Last year after learning from my Portuguese father-in-law how to extend the growing season in my garden with lettuce and kale, from my high school friend Abby (who now lives in northern New England) that leeks can be harvested in the winter, and gaining a better understanding from Eliot Coleman what things grow in the cold weather and how to get the most out of your garden space, I was even more excited about gardening than I had been in the past. Originally I thought that we New Englanders had a narrow amount of time to grow our tomatoes, cukes, and zucchini, and that was it. So many people don't realize how easy it is to grow simple lettuce in the springtime and fall. All you do is sow the seeds in the ground (just barely, since the seeds are so tiny), water and pick. My girlfriend Michelle planted a few rows of lettuce in her small kitchen garden on the side of her house, and she had more lettuce than she knew what to do with!
Leeks are a very slow growing vegetable. I planted a bunch of them and scattered them throughout my garden. In my naivete I thought all leeks were suitable for overwintering, but that is not the case. Some can handle winter temperatures and snow, others cannot. I planted two varieties Varna and Seigfreid. The Varna at this point look a bit wilted, but they taste just fine. Besides, leeks are the type of vegetable you saute for soup rather than chop on top of a salad. The Seigfreid are looking fabulous! The green tops are just as firm and vibrant as they looked in the summer. What an amazing vegetable!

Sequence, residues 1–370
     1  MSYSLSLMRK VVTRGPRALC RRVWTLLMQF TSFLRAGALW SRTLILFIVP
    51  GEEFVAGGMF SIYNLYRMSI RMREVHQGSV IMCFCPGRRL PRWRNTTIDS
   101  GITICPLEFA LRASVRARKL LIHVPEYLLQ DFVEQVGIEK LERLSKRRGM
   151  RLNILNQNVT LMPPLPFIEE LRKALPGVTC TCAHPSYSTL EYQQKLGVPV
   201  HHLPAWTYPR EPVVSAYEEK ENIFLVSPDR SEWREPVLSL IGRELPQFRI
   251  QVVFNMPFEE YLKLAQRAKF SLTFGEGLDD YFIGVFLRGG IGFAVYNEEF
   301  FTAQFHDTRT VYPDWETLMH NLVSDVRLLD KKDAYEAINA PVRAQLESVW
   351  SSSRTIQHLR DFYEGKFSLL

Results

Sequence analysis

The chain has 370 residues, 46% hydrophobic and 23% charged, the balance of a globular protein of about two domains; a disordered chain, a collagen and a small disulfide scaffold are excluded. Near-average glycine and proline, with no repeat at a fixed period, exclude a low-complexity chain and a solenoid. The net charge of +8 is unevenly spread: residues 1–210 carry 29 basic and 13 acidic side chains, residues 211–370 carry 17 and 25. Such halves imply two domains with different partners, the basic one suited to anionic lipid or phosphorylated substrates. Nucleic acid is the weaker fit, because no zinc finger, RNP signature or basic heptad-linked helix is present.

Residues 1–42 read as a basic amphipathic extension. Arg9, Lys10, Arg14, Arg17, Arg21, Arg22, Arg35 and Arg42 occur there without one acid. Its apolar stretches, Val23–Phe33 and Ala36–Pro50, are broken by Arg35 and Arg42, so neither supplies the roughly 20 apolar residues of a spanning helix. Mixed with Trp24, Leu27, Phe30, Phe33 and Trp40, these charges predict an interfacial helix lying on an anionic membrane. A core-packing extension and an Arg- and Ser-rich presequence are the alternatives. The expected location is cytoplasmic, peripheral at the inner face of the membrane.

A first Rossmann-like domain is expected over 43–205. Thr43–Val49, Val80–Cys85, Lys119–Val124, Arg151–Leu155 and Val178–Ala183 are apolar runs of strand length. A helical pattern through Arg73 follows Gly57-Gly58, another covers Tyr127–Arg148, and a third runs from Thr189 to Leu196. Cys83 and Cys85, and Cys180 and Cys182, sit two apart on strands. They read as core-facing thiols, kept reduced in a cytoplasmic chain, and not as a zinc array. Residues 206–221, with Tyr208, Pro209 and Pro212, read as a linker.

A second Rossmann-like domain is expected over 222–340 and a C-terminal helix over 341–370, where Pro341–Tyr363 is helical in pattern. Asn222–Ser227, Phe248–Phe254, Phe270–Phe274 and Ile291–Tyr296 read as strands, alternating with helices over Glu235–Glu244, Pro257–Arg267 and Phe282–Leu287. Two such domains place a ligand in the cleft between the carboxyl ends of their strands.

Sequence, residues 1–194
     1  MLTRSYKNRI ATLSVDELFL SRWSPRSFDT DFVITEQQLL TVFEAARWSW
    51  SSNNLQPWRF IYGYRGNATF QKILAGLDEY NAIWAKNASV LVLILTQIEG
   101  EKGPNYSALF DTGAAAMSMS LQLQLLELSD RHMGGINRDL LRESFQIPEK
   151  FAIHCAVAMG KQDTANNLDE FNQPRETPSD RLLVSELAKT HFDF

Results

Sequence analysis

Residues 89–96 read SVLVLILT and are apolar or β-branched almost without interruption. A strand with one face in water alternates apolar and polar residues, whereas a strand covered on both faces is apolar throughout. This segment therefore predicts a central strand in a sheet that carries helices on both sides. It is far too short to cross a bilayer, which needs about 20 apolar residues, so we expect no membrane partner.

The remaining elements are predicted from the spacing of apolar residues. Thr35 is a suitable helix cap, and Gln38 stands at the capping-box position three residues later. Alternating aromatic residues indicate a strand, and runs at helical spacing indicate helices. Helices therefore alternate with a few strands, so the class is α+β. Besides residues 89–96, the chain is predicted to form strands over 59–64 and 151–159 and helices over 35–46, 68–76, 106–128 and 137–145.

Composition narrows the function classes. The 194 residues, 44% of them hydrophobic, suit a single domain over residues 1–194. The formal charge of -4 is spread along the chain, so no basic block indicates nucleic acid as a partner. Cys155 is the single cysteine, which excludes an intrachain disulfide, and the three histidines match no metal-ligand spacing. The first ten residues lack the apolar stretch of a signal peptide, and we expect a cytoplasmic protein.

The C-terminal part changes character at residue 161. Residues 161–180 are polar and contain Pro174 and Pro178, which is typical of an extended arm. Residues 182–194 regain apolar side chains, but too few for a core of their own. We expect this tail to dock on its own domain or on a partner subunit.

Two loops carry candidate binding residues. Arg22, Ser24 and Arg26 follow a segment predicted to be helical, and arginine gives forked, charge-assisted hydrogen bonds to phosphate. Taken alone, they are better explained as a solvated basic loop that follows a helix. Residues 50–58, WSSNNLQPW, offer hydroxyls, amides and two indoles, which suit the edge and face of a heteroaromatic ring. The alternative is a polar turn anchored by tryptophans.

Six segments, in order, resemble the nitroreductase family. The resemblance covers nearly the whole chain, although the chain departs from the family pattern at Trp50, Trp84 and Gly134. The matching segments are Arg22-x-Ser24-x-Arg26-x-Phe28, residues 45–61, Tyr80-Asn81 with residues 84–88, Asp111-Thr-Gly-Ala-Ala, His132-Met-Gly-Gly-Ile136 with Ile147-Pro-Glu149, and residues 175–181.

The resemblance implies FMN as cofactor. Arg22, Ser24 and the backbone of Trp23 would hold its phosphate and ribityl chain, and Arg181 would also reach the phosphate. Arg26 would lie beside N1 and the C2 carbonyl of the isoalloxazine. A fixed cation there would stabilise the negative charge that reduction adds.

These are the Varna Leeks. I had to try and recall where I'd planted them because everything is covered in about 6-8 inches of snow! I dug down to the base of the leek with a kitchen serving spoon . . .And cut them off with a knife! (I think Abby used a pitchfork, come to think of it.)
This is a Seigfreid Leek. Doesn't it look fabulous?! Amazing. Before winter sets in, leeks should be mulched with straw, or even leaves would do. You can see the mulch here around the base of the leek.
The thought of being able to harvest anything from my garden at this time of year is so exciting to me! For the coming year I purchased two varieties that do well in the wintertime. Here is my harvest that I used to make lentil soup.
How are my cold frames doing you ask? Well, I think once the weather turns a little warmer I will be sitting pretty. The arugula and the mesclun mix are doing well, but their growth is slow so in short order I could eat up my entire supply! The reason I've run into this problem is because I didn't plant them early enough in the fall, so the plants are small.
But come spring, I think these plants will flourish. I have spinach, parsley, cauliflower, arugula, kale, and mesclun mix ready to take off once the sun gets a little stronger. I'll be the only one in my neighborhood eating from my garden in April! :)
These guys look downright hot, don't they?! The other minor issue I've had is that with all of the snow we've received, often times the cold frames are frozen shut. Hmmm. I think if I were a little more meticulous about clearing the snow away, this would be less of a problem.
Anyway, it's pretty exciting, isn't it??